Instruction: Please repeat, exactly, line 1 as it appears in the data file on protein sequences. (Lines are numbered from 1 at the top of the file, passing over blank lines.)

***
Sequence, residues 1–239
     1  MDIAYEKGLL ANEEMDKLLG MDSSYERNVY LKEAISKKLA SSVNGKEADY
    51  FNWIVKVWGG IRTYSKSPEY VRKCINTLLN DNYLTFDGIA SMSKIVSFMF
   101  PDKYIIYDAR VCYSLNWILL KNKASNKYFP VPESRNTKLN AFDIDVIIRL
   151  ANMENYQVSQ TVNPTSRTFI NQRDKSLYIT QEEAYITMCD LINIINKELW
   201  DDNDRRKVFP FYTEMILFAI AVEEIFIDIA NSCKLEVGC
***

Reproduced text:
Sequence, residues 1–239